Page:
Three Ways to Prevent Tooth Decay and Early Tooth Loss


Dr Wendy Tseng has encountered many patients who needed to get their teeth extracted and wished they could have prevented this.

Here she shares her experience and thoughts on tooth decay and early tooth loss and how this can be prevented.

1. Education starts early!

As dentists, we must educate our patients about oral health as early as possible, so they adopt the right habits from an early stage. I believe that prevention is always better than cure. 

Currently, there seems to be a lack of simple dental knowledge in the general population. Throughout my years of practice, I have noticed that many patients don’t even know the proper technique for brushing their teeth as they were never taught this since they were young. As dentists, I believe we have a duty to pass this knowledge onto our patients as this can make a massive difference to their lives and the lives of their families and friends. 

Gum disease is influenced by a combination of genetic factors (approximately 50% of gum disease can be credited to genetic factors) and environmental factors, whereas caries (dental decay) is mostly affected by environmental factors. Thus, we can target and control many environmental aspects to prevent dental problems, for example, diet, smoking and saliva flow. Patients could prevent early tooth loss if they were educated about these aspects.

2. Dental problems in different populations

There are also ways to prevent dental decay and early tooth loss in different populations.
As a mobile dentist, I saw that when children in schools start visiting a dentist at a young age (such as when their first tooth erupts at the age of 6 months), this enables them to get into the habit of regular visits early, which sets them up well for life. Furthermore, because infants are prone to early childhood caries when bottle feeding, it’s vital to educate mothers on frequently lifting their child’s upper lip to check for decay. It’s also crucial that the infant isn’t left to fall asleep with the bottle in their mouth and mothers should also try to wean their child off bottle-feeding when they are around one year old, to reduce caries risk as well.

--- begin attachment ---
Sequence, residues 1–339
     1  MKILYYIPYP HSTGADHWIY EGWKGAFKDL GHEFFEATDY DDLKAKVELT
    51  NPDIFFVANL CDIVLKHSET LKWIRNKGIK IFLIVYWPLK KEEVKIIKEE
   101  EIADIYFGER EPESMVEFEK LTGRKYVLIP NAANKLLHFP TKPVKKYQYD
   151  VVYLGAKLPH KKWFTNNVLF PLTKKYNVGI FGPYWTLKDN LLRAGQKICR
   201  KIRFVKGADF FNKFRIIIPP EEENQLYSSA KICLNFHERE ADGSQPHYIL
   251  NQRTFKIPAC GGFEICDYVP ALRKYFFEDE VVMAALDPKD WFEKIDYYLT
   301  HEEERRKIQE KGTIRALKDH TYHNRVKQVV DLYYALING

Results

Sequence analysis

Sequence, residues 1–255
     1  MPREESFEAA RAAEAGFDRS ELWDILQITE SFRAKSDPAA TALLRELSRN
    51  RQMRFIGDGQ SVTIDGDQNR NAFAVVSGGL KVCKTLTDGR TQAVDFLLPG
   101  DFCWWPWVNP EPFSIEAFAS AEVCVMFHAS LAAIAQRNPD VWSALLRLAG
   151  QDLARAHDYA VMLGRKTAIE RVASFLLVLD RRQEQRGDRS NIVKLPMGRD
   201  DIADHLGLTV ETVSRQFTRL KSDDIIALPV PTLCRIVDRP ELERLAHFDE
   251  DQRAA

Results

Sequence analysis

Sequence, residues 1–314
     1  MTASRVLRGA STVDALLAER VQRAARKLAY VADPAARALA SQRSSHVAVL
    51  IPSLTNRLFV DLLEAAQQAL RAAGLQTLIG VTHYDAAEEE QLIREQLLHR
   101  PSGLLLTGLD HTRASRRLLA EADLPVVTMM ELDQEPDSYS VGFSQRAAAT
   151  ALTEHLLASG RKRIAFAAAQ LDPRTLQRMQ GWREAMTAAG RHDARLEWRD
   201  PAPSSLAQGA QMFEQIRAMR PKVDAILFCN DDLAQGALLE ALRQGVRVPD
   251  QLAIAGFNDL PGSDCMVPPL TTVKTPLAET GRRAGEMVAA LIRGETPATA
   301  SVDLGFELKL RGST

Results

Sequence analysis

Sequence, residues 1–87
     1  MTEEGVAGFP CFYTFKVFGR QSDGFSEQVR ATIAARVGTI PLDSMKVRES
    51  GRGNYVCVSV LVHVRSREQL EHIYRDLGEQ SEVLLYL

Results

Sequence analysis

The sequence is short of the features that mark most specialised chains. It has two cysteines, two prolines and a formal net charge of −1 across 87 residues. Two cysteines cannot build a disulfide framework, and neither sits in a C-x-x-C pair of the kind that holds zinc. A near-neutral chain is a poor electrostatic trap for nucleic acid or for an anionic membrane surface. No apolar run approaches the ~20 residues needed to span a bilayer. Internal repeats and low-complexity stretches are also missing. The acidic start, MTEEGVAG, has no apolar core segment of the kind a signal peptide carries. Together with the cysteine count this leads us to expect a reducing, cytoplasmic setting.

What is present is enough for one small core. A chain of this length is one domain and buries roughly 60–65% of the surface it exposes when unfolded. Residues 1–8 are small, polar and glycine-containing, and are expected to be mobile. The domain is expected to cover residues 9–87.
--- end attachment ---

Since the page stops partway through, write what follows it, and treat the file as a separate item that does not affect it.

In the instance of prisoners, drug use is a prime factor which leads to eventual tooth loss. I found that many prisoners were not aware of how large an impact the drugs would have on the future prognosis of their teeth. Thus early dental education would have been beneficial.

For the elderly in aged care facilities, Xerostomia or reduced saliva flow caused by polypharmacy (taking multiple medications) can play a big role in dental problems such as decay. Diet control and the prescription of saliva substitutes could help in this case. Furthermore, carers could be better educated on how to more effectively brush the teeth of the elderly under their care. This would make a world of difference as poor oral hygiene is a significant problem in this population.

3. The key to avoiding tooth decay and early tooth loss

An issue I’ve commonly seen which is especially prevalent in Asian populations is that patients tend to only present to a clinic when they are in a large amount of pain or are already in an advanced stage of dental disease.

As dentists, we should continuously educate patients on getting into the habit of regular, 6-12 monthly checkups. This will enable the dental disease to be detected and diagnosed as early as possible, to prevent the further deterioration of teeth. It also provides opportunities for us to regularly educate our patients to partner with us in the care of their teeth.

Remember that early diagnosis is vital! The earlier we pick up a problem, the more likely we can prevent an extraction!